Study on the mutagenicity and antimutagenicity of beta-ionone in the Salmonella/microsome assay.Food Chem Toxicol. 2006 Apr; 44(4):522-7.FC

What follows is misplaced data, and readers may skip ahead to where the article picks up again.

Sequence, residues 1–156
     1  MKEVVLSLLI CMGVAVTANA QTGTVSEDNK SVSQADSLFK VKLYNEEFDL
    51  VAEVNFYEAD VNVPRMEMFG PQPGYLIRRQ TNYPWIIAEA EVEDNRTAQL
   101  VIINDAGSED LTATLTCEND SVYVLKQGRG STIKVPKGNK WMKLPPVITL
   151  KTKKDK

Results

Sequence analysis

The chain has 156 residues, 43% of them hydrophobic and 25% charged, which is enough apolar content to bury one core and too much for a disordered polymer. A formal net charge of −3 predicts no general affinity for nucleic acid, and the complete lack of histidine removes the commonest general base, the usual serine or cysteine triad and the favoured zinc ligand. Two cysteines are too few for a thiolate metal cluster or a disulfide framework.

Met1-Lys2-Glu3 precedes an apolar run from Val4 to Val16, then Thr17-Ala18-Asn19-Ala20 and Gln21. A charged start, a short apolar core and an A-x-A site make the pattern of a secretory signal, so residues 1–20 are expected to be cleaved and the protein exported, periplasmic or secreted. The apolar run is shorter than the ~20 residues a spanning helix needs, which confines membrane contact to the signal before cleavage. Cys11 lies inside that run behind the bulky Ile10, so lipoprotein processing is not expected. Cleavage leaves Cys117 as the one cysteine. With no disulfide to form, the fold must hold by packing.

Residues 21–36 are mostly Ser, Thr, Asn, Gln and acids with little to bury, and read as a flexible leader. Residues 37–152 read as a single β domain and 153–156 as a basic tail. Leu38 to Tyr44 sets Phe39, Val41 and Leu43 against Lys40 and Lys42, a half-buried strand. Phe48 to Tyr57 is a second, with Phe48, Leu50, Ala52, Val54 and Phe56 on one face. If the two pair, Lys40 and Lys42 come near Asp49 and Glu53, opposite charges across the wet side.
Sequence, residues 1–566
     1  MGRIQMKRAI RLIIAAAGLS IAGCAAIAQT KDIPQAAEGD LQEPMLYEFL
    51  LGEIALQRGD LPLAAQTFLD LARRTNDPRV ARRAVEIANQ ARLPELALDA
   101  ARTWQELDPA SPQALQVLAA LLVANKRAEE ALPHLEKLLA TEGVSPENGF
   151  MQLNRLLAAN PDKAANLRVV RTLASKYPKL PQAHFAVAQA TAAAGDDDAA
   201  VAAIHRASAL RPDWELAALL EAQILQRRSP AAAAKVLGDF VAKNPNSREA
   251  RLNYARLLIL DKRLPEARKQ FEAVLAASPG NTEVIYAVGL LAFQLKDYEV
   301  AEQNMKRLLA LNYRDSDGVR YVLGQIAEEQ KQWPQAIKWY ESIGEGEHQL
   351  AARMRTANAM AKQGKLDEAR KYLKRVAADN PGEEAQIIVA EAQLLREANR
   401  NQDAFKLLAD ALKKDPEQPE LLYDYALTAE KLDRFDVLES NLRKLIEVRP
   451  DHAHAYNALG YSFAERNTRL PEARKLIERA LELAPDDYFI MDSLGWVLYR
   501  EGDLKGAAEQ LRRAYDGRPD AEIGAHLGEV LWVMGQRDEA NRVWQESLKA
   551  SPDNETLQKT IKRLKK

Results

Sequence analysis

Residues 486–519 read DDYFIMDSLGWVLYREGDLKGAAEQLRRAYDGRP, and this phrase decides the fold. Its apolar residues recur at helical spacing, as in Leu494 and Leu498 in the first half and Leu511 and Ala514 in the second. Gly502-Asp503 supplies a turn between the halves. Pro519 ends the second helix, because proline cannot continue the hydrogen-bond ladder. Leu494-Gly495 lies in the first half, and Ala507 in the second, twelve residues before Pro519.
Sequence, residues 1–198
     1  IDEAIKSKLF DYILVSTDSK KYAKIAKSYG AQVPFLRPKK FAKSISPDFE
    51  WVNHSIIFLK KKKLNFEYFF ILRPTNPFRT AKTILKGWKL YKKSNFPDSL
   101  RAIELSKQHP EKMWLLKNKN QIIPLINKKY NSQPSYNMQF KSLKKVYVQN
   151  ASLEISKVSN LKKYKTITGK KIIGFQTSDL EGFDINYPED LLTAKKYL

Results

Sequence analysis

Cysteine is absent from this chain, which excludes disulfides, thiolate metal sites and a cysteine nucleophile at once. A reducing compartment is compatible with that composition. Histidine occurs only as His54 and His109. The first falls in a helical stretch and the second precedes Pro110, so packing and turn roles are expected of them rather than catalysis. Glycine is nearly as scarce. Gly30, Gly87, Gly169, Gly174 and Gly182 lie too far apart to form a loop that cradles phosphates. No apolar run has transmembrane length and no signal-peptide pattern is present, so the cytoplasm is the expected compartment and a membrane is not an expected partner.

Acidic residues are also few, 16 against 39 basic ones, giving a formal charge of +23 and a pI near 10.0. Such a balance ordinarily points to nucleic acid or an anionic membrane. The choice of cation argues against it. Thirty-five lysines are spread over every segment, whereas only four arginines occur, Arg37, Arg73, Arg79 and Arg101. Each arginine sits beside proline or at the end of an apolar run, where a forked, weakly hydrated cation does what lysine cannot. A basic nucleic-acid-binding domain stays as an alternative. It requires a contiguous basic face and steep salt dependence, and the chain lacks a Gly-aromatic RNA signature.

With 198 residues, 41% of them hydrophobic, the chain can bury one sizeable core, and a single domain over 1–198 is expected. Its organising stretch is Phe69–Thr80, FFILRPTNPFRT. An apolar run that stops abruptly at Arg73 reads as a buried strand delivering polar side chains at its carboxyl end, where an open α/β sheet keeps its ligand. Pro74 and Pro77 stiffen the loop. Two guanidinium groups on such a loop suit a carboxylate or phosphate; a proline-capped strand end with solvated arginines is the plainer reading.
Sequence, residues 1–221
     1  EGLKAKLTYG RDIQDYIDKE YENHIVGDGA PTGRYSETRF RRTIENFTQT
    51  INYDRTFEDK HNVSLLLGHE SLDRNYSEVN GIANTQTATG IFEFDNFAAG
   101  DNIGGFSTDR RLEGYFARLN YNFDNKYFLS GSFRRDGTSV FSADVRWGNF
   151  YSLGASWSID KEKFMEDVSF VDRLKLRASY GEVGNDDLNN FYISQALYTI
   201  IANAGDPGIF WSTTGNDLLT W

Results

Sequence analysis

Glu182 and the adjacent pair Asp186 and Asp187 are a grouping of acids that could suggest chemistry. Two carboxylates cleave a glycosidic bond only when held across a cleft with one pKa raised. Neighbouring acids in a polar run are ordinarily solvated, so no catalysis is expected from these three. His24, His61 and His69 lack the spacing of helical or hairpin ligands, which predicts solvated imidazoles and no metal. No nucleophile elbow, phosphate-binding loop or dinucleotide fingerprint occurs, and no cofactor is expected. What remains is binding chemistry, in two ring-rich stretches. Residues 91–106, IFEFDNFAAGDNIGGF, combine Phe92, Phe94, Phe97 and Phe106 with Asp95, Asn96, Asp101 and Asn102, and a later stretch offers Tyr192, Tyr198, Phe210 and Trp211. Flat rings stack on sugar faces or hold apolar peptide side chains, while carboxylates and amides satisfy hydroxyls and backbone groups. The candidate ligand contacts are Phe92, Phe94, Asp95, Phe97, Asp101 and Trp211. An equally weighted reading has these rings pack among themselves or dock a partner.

beta-Ionone (BIO) is a degraded (C(13)) sesquiterpenoid compound found in a variety of edible and aromatic plants. BIO and other ionone derivatives have been used in fragrance products and as flavoring food additives. In this study we investigated the mutagenic and antimutagenic activities of BIO using the Salmonella/microsome assay. Mutagenicity was evaluated by two tests with Salmonella typhimurium strains TA100, TA98, TA97a and TA1535, without and with addition of S9 mixture. A first assay was performed by the plate incorporation procedure and a confirmation test by the pre-incubation method. In either test, no increase in the number of his(+) revertant colonies over the negative (solvent) control values was noted with any of the four tester strains thereby indicating that BIO was not genotoxic in the Salmonella assay. Antimutagenic activity was investigated by testing (by the plate incorporation method) different non-toxic doses of BIO against one or more non-toxic doses of direct-acting (sodium azide: SA, 4-nitroquinoline-N-oxide: 4-NQNO, 2-nitrofluorene: 2-NF and nitro-o-phenylenediamine: NPD) as well as indirect-acting (cyclophosphamide: CP, benzo[a]pyrene: B[a]P, aflatoxin B1: AFB1, 2-aminoanthracene: 2-AA, and 2-aminofluorene: 2-AF) mutagens. BIO did not alter the effects of any direct-acting mutagen or B[a]P and 2-AF. Mutagenic effects of AFB1 and CP, however, were markedly and dose-dependently antagonized by BIO. It has been reported that, in the rat liver, activation of B[a]P and 2-AF depend on CYP1A1 activity, and that CYP2B subfamily is involved in the metabolic activation of CP and AFB1. It has also been described that BIO is a potent inhibitor of CYP2B1/2 and a weaker inhibitor of CYP1A1. Therefore, antagonism of CP-and AFB1-induced mutagenic effects by BIO could have been mediated-at least in part-by the inhibition of CYP2B enzymes.